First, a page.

Preface to Sixth Edition xi About the Author xiii Symbols xv 1 Properties of Fluids 1 1.1 Introduction 1 1.2 Engineering units 1 1.3 Mass density and specific weight 2 1.4 Relative density 2 1.5 Viscosity of fluids 2 1.6 Compressibility and elasticity of fluids 2 1.7 Vapour pressure of liquids 2 1.8 Surface tension and capillarity 3 Worked examples 3 References and recommended reading 5 Problems 5 2 Fluid Statics 7 2.1 Introduction 7 2.2 Pascal's law 7 2.3 Pressure variation with depth in a static incompressible fluid 8 2.4 Pressure measurement 9 2.5 Hydrostatic thrust on plane surfaces 11 2.6 Pressure diagrams 14 2.7 Hydrostatic thrust on curved surfaces 15 2.8 Hydrostatic buoyant thrust 17 2.9 Stability of floating bodies 17 2.10 Determination of metacentre 18 2.11 Periodic time of rolling (or oscillation) of a floating body 20 2.12 Liquid ballast and the effective metacentric height 20 2.13 Relative equilibrium 22 Worked examples 24 Reference and recommended reading 41 Problems 41 3 Fluid Flow Concepts and Measurements 47 3.1 Kinematics of fluids 47 3.2 Steady and unsteady flows 48 3.3 Uniform and non-uniform flows 48 3.4 Rotational and irrotational flows 49 3.5 One-, two- and three-dimensional flows 49 3.6 Streamtube and continuity equation 49 3.7 Accelerations of fluid particles 50 3.8 Two kinds of fluid flow 51 3.9 Dynamics of fluid flow 52 3.10 Energy equation for an ideal fluid flow 52 3.11 Modified energy equation for real fluid flows 54 3.12 Separation and cavitation in fluid flow 55 3.13 Impulse-momentum equation 56 3.14 Energy losses in sudden transitions 57 3.15 Flow measurement through pipes 58 3.16 Flow measurement through orifices and mouthpieces 60 3.17 Flow measurement in channels 64 Worked examples 69 References and recommended reading 85 Problems 85 4 Flow of Incompressible Fluids in Pipelines 89 4.1 Resistance in circular pipelines flowing full 89 4.2 Resistance to flow in non-circular sections 94 4.3 Local losses 94 Worked examples 95 References and recommended reading 115 Problems 115 5 Pipe Network Analysis 119 5.1 Introduction 119 5.2 The head balance method ('loop' method) 120 5.3 The quantity balance method ('nodal' method) 121 5.4 The gradient method 123 Worked examples 125 References and recommended reading 142 Problems 143 6 Pump-Pipeline System Analysis and Design 149 6.1 Introduction 149 6.2 Hydraulic gradient in pump-pipeline systems 150 6.3 Multiple pump systems 151 6.4 Variable-speed pump operation 153 6.5 Suction lift limitations 153 Worked examples 154 References and recommended reading 168 Problems 168 7 Boundary Layers on Flat Plates and in Ducts 171 7.1 Introduction 171 7.2 The laminar boundary layer 171 7.3 The turbulent boundary layer 172 7.4 Combined drag due to both laminar and turbulent boundary layers 173 7.5 The displacement thickness 173 7.6 Boundary layers in turbulent pipe flow 174 7.7 The laminar sub-layer 176 Worked examples 178 References and recommended reading 185 Problems 185 8 Steady Flow in Open Channels 187 8.1 Introduction 187 8.2 Uniform flow resistance 188 8.3 Channels of composite roughness 189 8.4 Channels of compound section 190 8.5 Channel design 191 8.6 Uniform flow in part-full circular pipes 194 8.7 Steady, rapidly varied channel flow energy principles 195 8.8 The momentum equation and the hydraulic jump 196 8.9 Steady, gradually varied open channel flow 198 8.10 Computations of gradually varied flow 199 8.11 The direct step method 199 8.12 The standard step method 200 8.13 Canal delivery problems 201 8.14 Culvert flow 202 8.15 Spatially varied flow in open channels 203 Worked examples 205 References and recommended reading 241 Problems 241 9 Dimensional Analysis, Similitude and Hydraulic Models 247 9.1 Introduction 247 9.2 Dimensional analysis 248 9.3 Physical significance of non-dimensional groups 248 9.4 The Buckingham ? theorem 249 9.5 Similitude and model studies 249 Worked examples 250 References and recommended reading 263 Problems 263 10 Ideal Fluid Flow and Curvilinear Flow 265 10.1 Ideal fluid flow 265 10.2 Streamlines, the stream function 265 10.3 Relationship between discharge and stream function 266 10.4 Circulation and the velocity potential function 267 10.5 Stream functions for basic flow patterns 267 10.6 Combinations of basic flow patterns 269 10.7 Pressure at points in the flow field 269 10.8 The use of flow nets and numerical methods 270 10.9 Curvilinear flow of real fluids 273 10.10 Free and forced vortices 274 Worked examples 274 References and recommended reading 285 Problems 285 11 Gradually Varied Unsteady Flow from Reservoirs 289 11.1 Discharge between reservoirs under varying head 289 11.2 Unsteady flow over a spillway 291 11.3 Flow establishment 292 Worked examples 293 References and recommended reading 302 Problems 302 12 Mass Oscillations and Pressure Transients in Pipelines 305 12.1 Mass oscillation in pipe systems - surge chamber operation 305 12.2 Solution neglecting tunnel friction and throttle losses for sudden discharge stoppage 306 12.3 Solution including tunnel and surge chamber losses for sudden discharge stoppage 307 12.4 Finite difference methods in the solution of the surge chamber equations 308 12.5 Pressure transients in pipelines (waterhammer) 309 12.6 The basic differential equations of waterhammer 311 12.7 Solutions of the waterhammer equations 312 12.8 The Allievi equations 312 12.9 Alternative formulation 315 Worked examples 316 References and recommended reading 322 Problems 322 13 Unsteady Flow in Channels 323 13.1 Introduction 323 13.2 Gradually varied unsteady flow 323 13.3 Surges in open channels 324 13.4 The upstream positive surge 325 13.5 The downstream positive surge 326 13.6 Negative surge waves 327 13.7 The dam break 329 Worked examples 330 References and recommended reading 333 Problems 333 14 Uniform Flow in Loose-Boundary Channels 335 14.1 Introduction 335 14.2 Flow regimes 335 14.3 Incipient (threshold) motion 335 14.4 Resistance to flow in alluvial (loose-bed) channels 337 14.5 Velocity distributions in loose-boundary channels 339 14.6 Sediment transport 339 14.7 Bed load transport 340 14.8 Suspended load transport 343 14.9 Total load transport 345 14.10 Regime channel design 346 14.11 Rigid-bed channels with sediment transport 350 Worked examples 352 References and recommended reading 367 Problems 368 15 Hydraulic Structures 371 15.1 Introduction 371 15.2 Spillways 371 15.3 Energy dissipators and downstream scour protection 376 Worked examples 379 References and recommended reading 389 Problems 390 16 Environmental Hydraulics and Engineering Hydrology 393 16.1 Introduction 393 16.2 Analysis of gauged river flow data 393 16.3 River Thames discharge data 395 16.4 Flood alleviation, sustainability and environmental channels 396 16.5 Project appraisal 397 Worked examples 398 References and recommended reading 405 Problems 406 17 Introduction to Coastal Engineering 409 17.1 Introduction 409 17.2 Waves and wave theories 409 17.3 Wave processes 420 17.4 Wave set-down and set-up 428 17.5 Wave impact, run-up and overtopping 429 17.6 Tides, surges and mean sea level 430 17.7 Tsunami waves 432 Worked examples 433 References and recommended reading 438 Problems 439 Answers 441 Index 447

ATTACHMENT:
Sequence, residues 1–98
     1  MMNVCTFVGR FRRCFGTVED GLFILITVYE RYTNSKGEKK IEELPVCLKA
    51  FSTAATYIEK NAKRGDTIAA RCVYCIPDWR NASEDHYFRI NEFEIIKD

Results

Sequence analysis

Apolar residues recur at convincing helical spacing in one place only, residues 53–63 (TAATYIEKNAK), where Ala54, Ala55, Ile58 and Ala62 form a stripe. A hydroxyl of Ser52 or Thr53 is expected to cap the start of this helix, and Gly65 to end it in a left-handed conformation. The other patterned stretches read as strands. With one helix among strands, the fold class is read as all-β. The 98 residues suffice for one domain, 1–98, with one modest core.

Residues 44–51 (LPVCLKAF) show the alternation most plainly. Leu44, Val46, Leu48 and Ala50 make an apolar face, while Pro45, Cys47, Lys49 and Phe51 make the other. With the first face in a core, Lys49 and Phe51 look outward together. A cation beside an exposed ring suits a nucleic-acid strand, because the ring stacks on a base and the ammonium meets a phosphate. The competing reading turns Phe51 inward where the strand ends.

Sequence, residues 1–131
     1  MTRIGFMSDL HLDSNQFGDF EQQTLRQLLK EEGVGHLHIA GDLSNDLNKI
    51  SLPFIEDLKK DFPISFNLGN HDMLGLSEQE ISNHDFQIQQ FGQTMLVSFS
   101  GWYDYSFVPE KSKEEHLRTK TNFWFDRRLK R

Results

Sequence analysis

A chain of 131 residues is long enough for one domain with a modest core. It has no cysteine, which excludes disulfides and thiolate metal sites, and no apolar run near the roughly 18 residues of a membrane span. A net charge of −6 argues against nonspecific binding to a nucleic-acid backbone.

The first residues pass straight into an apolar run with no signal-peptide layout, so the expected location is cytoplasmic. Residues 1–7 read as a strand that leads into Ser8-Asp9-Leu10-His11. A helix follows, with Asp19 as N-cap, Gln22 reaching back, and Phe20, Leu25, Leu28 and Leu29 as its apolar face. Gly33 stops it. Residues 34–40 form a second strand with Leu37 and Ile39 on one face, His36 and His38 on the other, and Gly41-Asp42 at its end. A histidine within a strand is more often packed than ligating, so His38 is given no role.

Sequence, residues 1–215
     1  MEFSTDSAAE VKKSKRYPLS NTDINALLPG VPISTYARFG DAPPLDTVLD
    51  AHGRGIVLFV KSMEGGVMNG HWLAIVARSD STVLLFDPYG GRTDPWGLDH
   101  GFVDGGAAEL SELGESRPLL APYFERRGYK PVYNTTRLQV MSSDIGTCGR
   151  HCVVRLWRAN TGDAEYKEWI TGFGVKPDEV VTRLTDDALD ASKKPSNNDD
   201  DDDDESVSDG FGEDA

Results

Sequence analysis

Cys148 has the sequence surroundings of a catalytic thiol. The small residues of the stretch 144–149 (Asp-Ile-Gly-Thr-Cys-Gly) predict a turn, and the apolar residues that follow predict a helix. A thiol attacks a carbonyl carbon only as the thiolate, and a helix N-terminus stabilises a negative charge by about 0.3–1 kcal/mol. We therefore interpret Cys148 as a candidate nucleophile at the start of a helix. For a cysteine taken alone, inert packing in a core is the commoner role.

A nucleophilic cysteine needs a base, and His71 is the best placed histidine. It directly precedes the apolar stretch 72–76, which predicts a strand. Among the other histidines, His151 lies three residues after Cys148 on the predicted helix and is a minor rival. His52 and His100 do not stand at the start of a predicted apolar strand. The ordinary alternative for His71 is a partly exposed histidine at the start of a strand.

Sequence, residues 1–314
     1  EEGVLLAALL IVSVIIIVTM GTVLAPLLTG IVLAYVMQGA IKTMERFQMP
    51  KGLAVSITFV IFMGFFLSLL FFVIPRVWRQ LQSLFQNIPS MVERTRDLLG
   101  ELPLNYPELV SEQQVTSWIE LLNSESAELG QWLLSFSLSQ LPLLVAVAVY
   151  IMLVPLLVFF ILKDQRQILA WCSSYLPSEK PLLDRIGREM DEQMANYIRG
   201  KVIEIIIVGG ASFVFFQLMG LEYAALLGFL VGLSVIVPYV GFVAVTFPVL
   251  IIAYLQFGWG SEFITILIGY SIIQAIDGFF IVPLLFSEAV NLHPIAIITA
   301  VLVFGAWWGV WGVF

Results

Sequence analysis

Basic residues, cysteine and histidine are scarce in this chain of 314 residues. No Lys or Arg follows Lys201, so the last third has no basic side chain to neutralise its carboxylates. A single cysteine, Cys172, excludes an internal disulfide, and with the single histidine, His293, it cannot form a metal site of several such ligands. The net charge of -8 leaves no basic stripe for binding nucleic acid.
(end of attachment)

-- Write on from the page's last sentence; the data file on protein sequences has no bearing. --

Martin Marriott is a chartered civil engineer with degrees from the Universities of Cambridge, London (Imperial College) and Hertfordshire. He has wide professional experience in the UK and overseas with major firms of consulting engineers, and many years of experience as a lecturer in higher education. He has an academic management role in the School of Architecture, Computing and Engineering at the University of East London.